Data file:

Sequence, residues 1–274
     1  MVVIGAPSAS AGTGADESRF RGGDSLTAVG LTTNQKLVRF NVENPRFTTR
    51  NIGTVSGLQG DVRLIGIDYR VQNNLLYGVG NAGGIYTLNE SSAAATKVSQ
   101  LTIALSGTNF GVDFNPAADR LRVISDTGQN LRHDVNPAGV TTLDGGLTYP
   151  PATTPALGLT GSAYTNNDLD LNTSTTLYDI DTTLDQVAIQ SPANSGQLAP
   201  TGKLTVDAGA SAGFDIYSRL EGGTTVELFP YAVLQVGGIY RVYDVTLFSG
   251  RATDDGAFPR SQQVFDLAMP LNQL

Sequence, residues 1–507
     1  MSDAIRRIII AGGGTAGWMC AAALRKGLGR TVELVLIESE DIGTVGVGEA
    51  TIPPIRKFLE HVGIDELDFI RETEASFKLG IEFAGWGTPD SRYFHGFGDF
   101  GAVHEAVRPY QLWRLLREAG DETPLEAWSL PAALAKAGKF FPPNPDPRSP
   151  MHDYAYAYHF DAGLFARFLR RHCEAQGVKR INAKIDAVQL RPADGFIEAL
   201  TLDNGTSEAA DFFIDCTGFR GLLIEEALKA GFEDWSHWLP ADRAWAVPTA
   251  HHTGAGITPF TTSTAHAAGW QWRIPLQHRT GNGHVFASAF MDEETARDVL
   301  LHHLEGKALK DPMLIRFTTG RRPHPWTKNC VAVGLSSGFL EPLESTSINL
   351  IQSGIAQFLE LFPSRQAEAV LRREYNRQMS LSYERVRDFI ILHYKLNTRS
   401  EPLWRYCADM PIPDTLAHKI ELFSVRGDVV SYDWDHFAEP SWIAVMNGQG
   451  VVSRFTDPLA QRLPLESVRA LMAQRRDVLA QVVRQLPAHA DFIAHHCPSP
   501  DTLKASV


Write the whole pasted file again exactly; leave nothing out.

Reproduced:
Sequence, residues 1–274
     1  MVVIGAPSAS AGTGADESRF RGGDSLTAVG LTTNQKLVRF NVENPRFTTR
    51  NIGTVSGLQG DVRLIGIDYR VQNNLLYGVG NAGGIYTLNE SSAAATKVSQ
   101  LTIALSGTNF GVDFNPAADR LRVISDTGQN LRHDVNPAGV TTLDGGLTYP
   151  PATTPALGLT GSAYTNNDLD LNTSTTLYDI DTTLDQVAIQ SPANSGQLAP
   201  TGKLTVDAGA SAGFDIYSRL EGGTTVELFP YAVLQVGGIY RVYDVTLFSG
   251  RATDDGAFPR SQQVFDLAMP LNQL

Sequence, residues 1–507
     1  MSDAIRRIII AGGGTAGWMC AAALRKGLGR TVELVLIESE DIGTVGVGEA
    51  TIPPIRKFLE HVGIDELDFI RETEASFKLG IEFAGWGTPD SRYFHGFGDF
   101  GAVHEAVRPY QLWRLLREAG DETPLEAWSL PAALAKAGKF FPPNPDPRSP
   151  MHDYAYAYHF DAGLFARFLR RHCEAQGVKR INAKIDAVQL RPADGFIEAL
   201  TLDNGTSEAA DFFIDCTGFR GLLIEEALKA GFEDWSHWLP ADRAWAVPTA
   251  HHTGAGITPF TTSTAHAAGW QWRIPLQHRT GNGHVFASAF MDEETARDVL
   301  LHHLEGKALK DPMLIRFTTG RRPHPWTKNC VAVGLSSGFL EPLESTSINL
   351  IQSGIAQFLE LFPSRQAEAV LRREYNRQMS LSYERVRDFI ILHYKLNTRS
   401  EPLWRYCADM PIPDTLAHKI ELFSVRGDVV SYDWDHFAEP SWIAVMNGQG
   451  VVSRFTDPLA QRLPLESVRA LMAQRRDVLA QVVRQLPAHA DFIAHHCPSP
   501  DTLKASV